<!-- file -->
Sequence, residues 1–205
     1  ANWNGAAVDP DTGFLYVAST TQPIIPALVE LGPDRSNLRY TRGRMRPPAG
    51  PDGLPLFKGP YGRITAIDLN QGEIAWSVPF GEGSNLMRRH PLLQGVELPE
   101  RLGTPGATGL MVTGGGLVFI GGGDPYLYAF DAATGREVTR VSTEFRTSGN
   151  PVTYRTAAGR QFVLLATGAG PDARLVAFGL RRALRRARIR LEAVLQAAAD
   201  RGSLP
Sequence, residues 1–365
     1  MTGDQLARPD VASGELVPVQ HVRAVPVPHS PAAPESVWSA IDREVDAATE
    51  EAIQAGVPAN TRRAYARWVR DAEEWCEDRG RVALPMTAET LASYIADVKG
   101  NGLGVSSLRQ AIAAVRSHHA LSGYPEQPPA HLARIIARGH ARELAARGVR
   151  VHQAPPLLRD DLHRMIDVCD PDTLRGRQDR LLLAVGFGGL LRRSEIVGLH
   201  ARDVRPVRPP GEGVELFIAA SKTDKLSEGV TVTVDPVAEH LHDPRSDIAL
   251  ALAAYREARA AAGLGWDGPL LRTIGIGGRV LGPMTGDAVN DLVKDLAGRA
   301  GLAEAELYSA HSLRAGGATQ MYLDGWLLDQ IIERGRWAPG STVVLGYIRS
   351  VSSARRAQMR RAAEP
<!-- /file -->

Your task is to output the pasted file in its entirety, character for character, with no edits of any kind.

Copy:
Sequence, residues 1–205
     1  ANWNGAAVDP DTGFLYVAST TQPIIPALVE LGPDRSNLRY TRGRMRPPAG
    51  PDGLPLFKGP YGRITAIDLN QGEIAWSVPF GEGSNLMRRH PLLQGVELPE
   101  RLGTPGATGL MVTGGGLVFI GGGDPYLYAF DAATGREVTR VSTEFRTSGN
   151  PVTYRTAAGR QFVLLATGAG PDARLVAFGL RRALRRARIR LEAVLQAAAD
   201  RGSLP
Sequence, residues 1–365
     1  MTGDQLARPD VASGELVPVQ HVRAVPVPHS PAAPESVWSA IDREVDAATE
    51  EAIQAGVPAN TRRAYARWVR DAEEWCEDRG RVALPMTAET LASYIADVKG
   101  NGLGVSSLRQ AIAAVRSHHA LSGYPEQPPA HLARIIARGH ARELAARGVR
   151  VHQAPPLLRD DLHRMIDVCD PDTLRGRQDR LLLAVGFGGL LRRSEIVGLH
   201  ARDVRPVRPP GEGVELFIAA SKTDKLSEGV TVTVDPVAEH LHDPRSDIAL
   251  ALAAYREARA AAGLGWDGPL LRTIGIGGRV LGPMTGDAVN DLVKDLAGRA
   301  GLAEAELYSA HSLRAGGATQ MYLDGWLLDQ IIERGRWAPG STVVLGYIRS
   351  VSSARRAQMR RAAEP